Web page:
Giving thanks for small joys

The dogs and I are enjoying a wonderful Thanksgiving weekend, full of runs and walks and good food. And naps. And treats. And hugs and snuggles. Life is good.

One of the joys of walking the girls through the neighborhood on our daily constitutionals is the chance encounter with a stranger who wants to admire and meet them.

The girls at Juanita Beach Park, Thanksgiving Day.
Strolling through the park today, I see a tall, thin woman in her 80s approaching. I know her age because she told me, the first time I met her in the neighborhood, relishing my shock. She looks and moves much younger than her years. She's Russian, her accent noticeable yet her English good. She always admires the girls when we happen to meet.

The woman is wearing a thick red wool coat, buttoned high on her neck, black slacks, a black wool hat on her head and matching gloves on her hands. Very put together. She recognizes us, and holds her hands out to the girls as we approach. Even though we've seen the woman only three or four times over three years, the girls also seem to remember her. They pull me along as they rush to greet her.

"You know, I'm from Russia," the woman tells me as she puts one hand on each girl's head. She likely doesn't remember that she's told me this before. "In Russia, we only had big dogs. When I moved here, and saw so many small dogs..." she raises her eyebrows and shakes her head a bit "well, I try to love them all. But I like the big dogs."

"Me, too," I assure her, smiling. "Real dogs," I say. She laughs, sharing the joke, smiling and waving as we part ways.

Meadow at Juanita Beach Park with blue heron watching warily.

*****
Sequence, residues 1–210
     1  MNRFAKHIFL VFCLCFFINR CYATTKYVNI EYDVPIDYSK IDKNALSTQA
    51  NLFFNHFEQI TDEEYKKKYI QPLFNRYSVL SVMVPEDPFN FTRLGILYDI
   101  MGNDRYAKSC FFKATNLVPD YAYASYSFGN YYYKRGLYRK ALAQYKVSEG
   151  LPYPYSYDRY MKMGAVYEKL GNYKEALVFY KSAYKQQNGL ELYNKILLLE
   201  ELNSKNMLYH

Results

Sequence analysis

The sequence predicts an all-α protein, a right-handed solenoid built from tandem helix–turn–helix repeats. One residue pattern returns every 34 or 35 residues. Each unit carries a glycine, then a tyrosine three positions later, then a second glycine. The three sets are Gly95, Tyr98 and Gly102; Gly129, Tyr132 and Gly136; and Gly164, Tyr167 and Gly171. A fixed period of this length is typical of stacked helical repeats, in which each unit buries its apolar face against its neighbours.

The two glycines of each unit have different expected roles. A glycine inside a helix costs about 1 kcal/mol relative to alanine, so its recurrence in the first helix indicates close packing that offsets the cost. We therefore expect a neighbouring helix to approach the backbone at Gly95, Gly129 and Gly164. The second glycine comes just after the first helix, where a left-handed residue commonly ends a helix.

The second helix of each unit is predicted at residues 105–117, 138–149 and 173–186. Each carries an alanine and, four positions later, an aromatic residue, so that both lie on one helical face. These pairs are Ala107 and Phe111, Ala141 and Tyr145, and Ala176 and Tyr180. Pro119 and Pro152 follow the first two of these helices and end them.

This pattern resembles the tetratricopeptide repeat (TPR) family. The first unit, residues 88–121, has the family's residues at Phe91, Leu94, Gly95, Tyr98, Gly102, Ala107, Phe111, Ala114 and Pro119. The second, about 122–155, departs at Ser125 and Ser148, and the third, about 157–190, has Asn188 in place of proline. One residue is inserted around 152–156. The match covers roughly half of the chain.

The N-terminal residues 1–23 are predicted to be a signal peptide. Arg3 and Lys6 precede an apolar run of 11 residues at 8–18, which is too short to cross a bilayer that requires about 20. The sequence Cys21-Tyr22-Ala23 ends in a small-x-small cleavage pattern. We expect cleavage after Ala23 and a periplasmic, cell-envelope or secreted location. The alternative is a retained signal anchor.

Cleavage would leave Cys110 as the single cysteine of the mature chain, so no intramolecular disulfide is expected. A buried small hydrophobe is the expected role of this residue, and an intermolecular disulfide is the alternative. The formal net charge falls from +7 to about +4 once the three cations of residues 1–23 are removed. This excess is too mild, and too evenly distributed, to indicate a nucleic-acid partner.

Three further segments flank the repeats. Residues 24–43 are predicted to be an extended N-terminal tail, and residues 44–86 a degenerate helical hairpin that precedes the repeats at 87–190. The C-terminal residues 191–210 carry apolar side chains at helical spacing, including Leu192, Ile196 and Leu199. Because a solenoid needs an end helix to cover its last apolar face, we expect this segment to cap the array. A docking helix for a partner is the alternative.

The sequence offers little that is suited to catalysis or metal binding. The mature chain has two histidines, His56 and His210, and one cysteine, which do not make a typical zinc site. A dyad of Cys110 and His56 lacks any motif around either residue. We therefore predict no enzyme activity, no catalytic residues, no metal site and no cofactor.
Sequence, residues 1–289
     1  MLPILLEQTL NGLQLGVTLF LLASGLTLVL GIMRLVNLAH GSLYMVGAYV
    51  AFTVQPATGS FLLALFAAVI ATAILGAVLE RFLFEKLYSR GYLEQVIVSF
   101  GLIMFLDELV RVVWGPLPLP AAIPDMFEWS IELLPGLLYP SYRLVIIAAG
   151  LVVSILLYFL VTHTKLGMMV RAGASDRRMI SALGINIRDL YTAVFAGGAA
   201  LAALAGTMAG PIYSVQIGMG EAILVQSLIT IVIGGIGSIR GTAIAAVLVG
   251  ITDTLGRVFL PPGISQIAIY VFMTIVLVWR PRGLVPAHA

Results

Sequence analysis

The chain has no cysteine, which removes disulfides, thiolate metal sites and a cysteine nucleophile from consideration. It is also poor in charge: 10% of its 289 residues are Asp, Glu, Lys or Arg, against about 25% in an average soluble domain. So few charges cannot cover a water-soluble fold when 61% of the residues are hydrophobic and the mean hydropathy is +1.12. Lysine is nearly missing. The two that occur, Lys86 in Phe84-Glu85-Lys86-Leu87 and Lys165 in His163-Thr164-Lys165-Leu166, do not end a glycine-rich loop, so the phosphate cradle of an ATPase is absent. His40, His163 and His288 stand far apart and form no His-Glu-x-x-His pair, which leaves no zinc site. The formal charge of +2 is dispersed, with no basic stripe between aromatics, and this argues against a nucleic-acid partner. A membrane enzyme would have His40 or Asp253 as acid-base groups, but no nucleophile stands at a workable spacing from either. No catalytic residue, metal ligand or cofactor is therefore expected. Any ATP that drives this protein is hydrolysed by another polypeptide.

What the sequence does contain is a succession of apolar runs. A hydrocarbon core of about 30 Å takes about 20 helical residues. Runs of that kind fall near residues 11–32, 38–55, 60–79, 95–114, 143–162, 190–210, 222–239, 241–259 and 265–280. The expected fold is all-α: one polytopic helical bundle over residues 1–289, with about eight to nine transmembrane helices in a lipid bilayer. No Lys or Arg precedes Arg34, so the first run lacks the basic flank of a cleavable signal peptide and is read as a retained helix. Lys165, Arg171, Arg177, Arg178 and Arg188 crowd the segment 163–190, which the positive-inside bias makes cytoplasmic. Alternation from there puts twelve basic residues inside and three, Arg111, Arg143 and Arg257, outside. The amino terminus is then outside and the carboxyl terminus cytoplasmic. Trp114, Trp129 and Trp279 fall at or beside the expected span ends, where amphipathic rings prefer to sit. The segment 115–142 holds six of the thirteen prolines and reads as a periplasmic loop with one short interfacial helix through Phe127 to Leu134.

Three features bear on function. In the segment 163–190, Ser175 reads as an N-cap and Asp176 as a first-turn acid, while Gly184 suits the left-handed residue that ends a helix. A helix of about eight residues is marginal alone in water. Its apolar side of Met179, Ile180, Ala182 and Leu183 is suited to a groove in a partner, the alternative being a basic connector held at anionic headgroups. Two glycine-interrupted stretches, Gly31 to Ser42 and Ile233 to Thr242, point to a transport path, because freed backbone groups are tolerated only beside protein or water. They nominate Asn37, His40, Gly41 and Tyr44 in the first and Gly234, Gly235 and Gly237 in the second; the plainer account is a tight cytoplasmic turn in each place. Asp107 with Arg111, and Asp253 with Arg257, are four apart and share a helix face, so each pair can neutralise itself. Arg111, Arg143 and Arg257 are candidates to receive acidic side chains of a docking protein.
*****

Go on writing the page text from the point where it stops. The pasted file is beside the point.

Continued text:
A couple of weeks earlier at the same park, Meadow and I met another woman in her 80s (they do seem to enjoy bragging about their age; I probably will too, when I get there). This woman is short, a little stooped in the shoulders, but spry and moved steadily as she walked through the park. She made a beeline for Meadow and as she ran her hands through Meadow's thick ruff, started telling me about her own dog, an old Pom who preferred to stay home on that cold day. I told her I could relate because my old girl Maia, too, had elected to stay home. The woman chatted on, about her life, and her dear departed husband who died 20 years ago who was the love of her life, and how her mother didn't like dogs and wouldn't let her have one as a child when they lived in Nova Scotia, and....I sensed her loneliness, so despite Meadow's impatience to keep moving, I kept her close to the woman as she shared her life story for a good ten minutes. Meadow, sensing we were going to be awhile, sat down to wait.

Two days later, taking both girls for a walk, we headed toward the beach park. A half block before we got there, a car coming toward us honked, having just left the park's entrance. People sometimes honk, usually someone I know, so I looked to see who it was. But I didn't recognize the car. When it got right beside us, a little old woman behind the wheel smiled broadly and waved with enthusiasm. The woman from Nova Scotia!

I returned her big smile, but I doubt she was able to see it in her rear view mirror as she continued up the road.

Here are some random photos, taken over the past few months, of some new and old friends girls and I met during our daily strolls.

In August, Meadow made a new friend at the beach.

Meadow and Quentin watched Pearlie dig a deep hole as Beth got tangled in leashes.

Following Pearlie's lead, Quentin learns to dig.

Per-Ola holds Meadow's and Quentin's leashes as Quentin practiced his digging skills in October.

Quentin checked the dimensions of his excavation.

The more dignified Meadow watched Quentin work from a safe distance.

In October, Meadow met Bella the Siberian husky, age 4 months. On a walk in November, Maia also had the pleasure of her acquaintance.

Per-Ola and Quentin chase waves and ducks on a stormy November day; the girls and I keep our feet dry. Humans and dogs barely made it to their respective homes before the rain storm in the distance made its way overhead.

Much to be grateful for in this season of thanks. Number one of my list? My dogs, for the joy they bring into my life, every day.

Rebecca WallickComment